The pillars on either side of your car's windshield have become thicker over time to prevent your car from collapsing when it falls over, but the wider pillars have created pretty important blind spots. Alaina Gassler, 14, came up with a possible solution therefore (through Gizmodo).
To fill in the blind spots, she placed a webcam on the outside of the pillar on the passenger side and used a small projector to display the live feed on the inside of the pillar. She printed a component for the projector to make the image clearer and covered the pillar with what sounds like one retro-reflective dust – it only reflects the image back to the driver, according to the description on a video that shows the solution. The result: an uninterrupted field of vision.
She tested the prototype with her father at the Jeep Grand Cherokee of her family, which has large pillars.
"I wanted to find a way to get rid of them," Gassler told me Popular mechanics. "And my older brother, Carter, was just starting to drive, so it was a major safety concern."
But technology still has a small way to go. In the video above, the image of the camera is shaky and the projection does not fit perfectly with the image. The following Gassler prototype uses LCD screens, for better visibility in daylight – a problem that has arisen with the projection.
And car manufacturers are already thinking in the same direction. Hyundai and Kia patent pending with a similar solution from cameras & projectors last year and auto parts manufacturer Continental had the same idea, using cameras & screens. In 2017 Toyota received a patent for a & # 39; removal device & # 39; which uses mirrors to make the A-pillar invisible. In 2014, Jaguar and Land Rover began researching a system Which uses video & # 39; s and screens to help drivers look through all sets of pillars, not just those on either side of the windshield. But none of these solutions seem to have come to the real cars.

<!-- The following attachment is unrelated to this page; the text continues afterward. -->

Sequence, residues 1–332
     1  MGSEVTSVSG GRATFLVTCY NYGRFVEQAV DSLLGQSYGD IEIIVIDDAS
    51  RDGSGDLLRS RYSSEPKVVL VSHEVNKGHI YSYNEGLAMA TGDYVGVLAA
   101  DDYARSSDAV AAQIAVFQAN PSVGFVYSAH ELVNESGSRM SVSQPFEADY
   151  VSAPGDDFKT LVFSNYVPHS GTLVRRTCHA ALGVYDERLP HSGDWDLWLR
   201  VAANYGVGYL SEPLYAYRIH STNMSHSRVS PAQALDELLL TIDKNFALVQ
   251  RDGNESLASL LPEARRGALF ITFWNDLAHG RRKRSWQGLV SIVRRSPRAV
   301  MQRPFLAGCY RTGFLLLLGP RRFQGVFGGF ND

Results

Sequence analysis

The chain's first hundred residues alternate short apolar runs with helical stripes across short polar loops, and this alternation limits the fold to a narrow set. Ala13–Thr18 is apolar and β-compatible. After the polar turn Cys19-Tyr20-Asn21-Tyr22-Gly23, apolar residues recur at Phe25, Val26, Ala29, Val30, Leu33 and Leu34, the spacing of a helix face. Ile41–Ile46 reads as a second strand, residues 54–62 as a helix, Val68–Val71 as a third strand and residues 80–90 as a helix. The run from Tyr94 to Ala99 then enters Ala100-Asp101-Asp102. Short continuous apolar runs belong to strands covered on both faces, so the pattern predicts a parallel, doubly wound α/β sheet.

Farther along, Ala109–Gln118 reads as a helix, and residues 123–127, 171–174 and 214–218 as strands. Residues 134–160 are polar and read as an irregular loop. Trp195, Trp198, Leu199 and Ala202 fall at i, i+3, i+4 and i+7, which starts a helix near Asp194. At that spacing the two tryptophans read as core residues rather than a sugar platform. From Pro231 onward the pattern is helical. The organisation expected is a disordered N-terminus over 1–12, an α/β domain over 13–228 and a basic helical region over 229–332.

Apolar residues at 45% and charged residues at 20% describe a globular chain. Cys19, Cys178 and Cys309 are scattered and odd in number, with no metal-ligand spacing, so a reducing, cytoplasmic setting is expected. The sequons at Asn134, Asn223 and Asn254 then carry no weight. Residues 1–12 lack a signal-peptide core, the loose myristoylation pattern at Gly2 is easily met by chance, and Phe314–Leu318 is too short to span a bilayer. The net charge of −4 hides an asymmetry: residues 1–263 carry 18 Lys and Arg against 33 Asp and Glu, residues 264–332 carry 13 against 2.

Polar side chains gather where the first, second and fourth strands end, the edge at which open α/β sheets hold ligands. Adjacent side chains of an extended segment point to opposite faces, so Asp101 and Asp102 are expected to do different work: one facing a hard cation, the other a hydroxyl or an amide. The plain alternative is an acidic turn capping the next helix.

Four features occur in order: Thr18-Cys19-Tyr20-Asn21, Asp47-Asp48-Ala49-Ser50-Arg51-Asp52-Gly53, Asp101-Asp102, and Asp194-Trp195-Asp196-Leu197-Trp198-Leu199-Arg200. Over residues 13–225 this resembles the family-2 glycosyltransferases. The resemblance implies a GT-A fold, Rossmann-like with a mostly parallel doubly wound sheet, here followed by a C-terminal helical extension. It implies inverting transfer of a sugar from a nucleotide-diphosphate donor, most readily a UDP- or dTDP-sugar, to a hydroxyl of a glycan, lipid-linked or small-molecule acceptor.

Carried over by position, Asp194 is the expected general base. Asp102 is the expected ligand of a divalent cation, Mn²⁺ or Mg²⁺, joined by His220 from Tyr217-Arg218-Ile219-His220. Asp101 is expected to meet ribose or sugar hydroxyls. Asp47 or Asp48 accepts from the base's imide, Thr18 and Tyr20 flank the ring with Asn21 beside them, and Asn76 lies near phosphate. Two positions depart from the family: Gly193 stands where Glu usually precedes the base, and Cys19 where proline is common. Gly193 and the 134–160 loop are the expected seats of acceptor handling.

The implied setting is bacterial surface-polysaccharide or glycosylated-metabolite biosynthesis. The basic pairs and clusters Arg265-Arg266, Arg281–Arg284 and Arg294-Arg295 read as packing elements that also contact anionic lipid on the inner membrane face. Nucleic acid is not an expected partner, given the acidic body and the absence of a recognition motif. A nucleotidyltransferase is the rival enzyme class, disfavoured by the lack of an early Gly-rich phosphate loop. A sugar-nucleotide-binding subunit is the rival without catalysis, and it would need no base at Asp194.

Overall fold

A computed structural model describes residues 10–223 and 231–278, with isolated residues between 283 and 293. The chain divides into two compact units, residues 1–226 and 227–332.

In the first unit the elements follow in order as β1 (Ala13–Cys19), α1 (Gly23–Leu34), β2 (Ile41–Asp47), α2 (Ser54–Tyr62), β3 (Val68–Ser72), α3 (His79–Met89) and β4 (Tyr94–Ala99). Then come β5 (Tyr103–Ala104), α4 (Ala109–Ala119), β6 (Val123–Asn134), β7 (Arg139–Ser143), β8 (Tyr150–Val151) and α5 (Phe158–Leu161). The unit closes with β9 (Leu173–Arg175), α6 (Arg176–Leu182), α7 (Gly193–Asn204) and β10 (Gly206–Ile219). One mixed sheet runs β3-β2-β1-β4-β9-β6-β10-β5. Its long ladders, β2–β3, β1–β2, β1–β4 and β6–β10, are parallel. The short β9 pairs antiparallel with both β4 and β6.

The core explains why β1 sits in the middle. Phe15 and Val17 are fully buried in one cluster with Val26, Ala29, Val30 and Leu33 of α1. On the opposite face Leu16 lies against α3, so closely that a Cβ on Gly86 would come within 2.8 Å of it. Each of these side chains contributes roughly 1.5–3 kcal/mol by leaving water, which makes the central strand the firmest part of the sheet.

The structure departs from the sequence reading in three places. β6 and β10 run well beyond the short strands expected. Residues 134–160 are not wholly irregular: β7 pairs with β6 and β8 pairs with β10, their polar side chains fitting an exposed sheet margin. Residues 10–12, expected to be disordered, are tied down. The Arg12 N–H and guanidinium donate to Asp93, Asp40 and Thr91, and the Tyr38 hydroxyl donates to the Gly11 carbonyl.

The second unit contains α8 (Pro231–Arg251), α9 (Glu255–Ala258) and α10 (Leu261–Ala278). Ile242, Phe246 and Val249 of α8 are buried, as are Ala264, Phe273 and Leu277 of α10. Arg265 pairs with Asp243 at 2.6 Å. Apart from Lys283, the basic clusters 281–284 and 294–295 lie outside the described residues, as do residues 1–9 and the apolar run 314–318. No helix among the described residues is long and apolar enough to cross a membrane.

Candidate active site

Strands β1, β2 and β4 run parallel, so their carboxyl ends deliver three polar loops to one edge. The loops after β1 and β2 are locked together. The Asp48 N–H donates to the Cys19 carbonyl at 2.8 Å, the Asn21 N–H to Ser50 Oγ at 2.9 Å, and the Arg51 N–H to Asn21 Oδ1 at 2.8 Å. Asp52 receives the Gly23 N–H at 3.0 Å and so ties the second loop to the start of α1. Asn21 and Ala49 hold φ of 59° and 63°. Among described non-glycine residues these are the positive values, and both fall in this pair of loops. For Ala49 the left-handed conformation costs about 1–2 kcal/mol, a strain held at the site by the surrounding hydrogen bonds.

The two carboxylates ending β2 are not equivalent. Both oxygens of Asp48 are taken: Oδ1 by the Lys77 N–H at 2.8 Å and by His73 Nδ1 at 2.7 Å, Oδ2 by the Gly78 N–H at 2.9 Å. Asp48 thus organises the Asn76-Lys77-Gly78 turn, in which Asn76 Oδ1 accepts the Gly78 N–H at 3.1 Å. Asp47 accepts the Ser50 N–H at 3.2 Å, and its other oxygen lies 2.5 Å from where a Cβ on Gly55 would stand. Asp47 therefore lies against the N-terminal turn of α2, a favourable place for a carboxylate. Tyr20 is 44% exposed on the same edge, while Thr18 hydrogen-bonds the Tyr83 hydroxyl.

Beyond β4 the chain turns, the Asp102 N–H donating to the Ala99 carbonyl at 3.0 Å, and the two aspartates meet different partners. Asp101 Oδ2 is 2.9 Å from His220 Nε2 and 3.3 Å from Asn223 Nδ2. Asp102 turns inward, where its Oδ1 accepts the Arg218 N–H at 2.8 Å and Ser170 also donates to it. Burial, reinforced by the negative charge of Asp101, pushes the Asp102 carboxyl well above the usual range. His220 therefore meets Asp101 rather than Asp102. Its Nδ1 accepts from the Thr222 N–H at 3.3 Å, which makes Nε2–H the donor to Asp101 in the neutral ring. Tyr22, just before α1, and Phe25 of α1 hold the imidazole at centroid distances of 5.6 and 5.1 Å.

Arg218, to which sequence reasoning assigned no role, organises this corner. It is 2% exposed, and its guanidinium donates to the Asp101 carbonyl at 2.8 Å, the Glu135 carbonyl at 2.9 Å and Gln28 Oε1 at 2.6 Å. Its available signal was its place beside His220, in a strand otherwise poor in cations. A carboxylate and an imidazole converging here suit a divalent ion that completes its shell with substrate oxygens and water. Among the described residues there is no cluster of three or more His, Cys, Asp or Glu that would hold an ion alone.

It is not clear whether Gassler's idea would be legal. Dashboard cameras, which also film and send videos from outside the car, such as Gassler's invention, are regulated so that they do not cover up the windscreen or record conversations in the car. Neither seems to be a problem for Gassler's invention, but there may be other legal issues. An important roadblock for this type of technology is that the front pillars of the car often contain airbags, a crucial safety feature. Continental told Wired Which the screens can split to let the airbags pass, but that can take years to even test.
But the innovation has proved successful for Gassler so far when she presented it at the end of October in the Science and engineering Broadcom MASTERS (Math, Applied Science, Technology and Engineering for Rising Stars). Her blind spot solution allowed her to take the Samueli Foundation Prize home, the top prize in the competition, along with $ 25,000.